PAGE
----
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THE WELFARE VARIANT: Every turn you don't get a resource and the robber hasn't been rolled you get a token unless it's the robber
blocking your production instead of bad luck.
Tokens can't be stolen, traded or halved. On your turn you can trade in a number of tokens equal to the number
of victory points you had at the start of that turn (no VP cards, longest road/biggest army count) for one resource of your choice.
The better you do, the less help these tokens give.
This speeds up the game, especially at the beginning,gives you more choices
(you can afford to build to block instead of maximizing production) and greatly reduces the effect of luck.
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Toms Leikums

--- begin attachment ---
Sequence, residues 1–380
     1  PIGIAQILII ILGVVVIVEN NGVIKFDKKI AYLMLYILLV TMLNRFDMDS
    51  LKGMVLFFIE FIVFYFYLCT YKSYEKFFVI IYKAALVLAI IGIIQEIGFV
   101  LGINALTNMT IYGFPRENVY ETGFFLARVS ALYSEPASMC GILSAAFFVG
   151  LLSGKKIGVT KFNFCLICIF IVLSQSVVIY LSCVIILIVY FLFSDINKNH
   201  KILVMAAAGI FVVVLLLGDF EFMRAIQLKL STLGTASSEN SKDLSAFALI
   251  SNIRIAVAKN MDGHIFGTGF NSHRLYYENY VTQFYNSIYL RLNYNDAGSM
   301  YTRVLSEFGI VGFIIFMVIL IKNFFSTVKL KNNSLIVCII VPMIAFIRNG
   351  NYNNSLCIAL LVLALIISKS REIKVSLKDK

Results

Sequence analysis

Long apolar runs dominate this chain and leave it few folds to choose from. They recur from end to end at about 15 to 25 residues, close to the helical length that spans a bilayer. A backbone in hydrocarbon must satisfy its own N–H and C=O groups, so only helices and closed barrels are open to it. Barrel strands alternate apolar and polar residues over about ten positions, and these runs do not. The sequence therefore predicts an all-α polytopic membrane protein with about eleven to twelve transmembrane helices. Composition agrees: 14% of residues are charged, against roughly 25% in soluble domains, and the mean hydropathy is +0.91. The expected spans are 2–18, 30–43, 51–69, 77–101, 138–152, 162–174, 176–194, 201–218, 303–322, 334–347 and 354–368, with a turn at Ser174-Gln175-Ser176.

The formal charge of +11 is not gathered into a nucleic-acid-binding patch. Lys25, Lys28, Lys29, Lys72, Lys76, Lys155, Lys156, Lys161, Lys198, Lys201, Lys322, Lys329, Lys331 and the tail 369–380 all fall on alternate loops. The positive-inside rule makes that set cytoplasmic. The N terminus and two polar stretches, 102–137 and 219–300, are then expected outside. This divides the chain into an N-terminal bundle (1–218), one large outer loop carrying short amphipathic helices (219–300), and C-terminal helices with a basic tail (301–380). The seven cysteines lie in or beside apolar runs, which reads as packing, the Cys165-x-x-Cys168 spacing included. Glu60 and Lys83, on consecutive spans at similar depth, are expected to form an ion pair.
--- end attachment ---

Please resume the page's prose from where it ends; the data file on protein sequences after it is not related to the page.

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CarcassonneFreak wrote:

If that means that you branch out and discover incredible games like Agricola or Carcassonne, then I guess the game has done its job.

Nope, not Carcassonne. It is a good game, but nothing more strategic, complicated or interesting than Settlers. Actually I even think that Settlers might be too hard for first time players - there are like 3-4 times more rules than in Carcassonne. So I usually use the last one (or Ticket to Ride: Europe) when showing new people the wonders of boardgaming.

Thanks for an interesting read.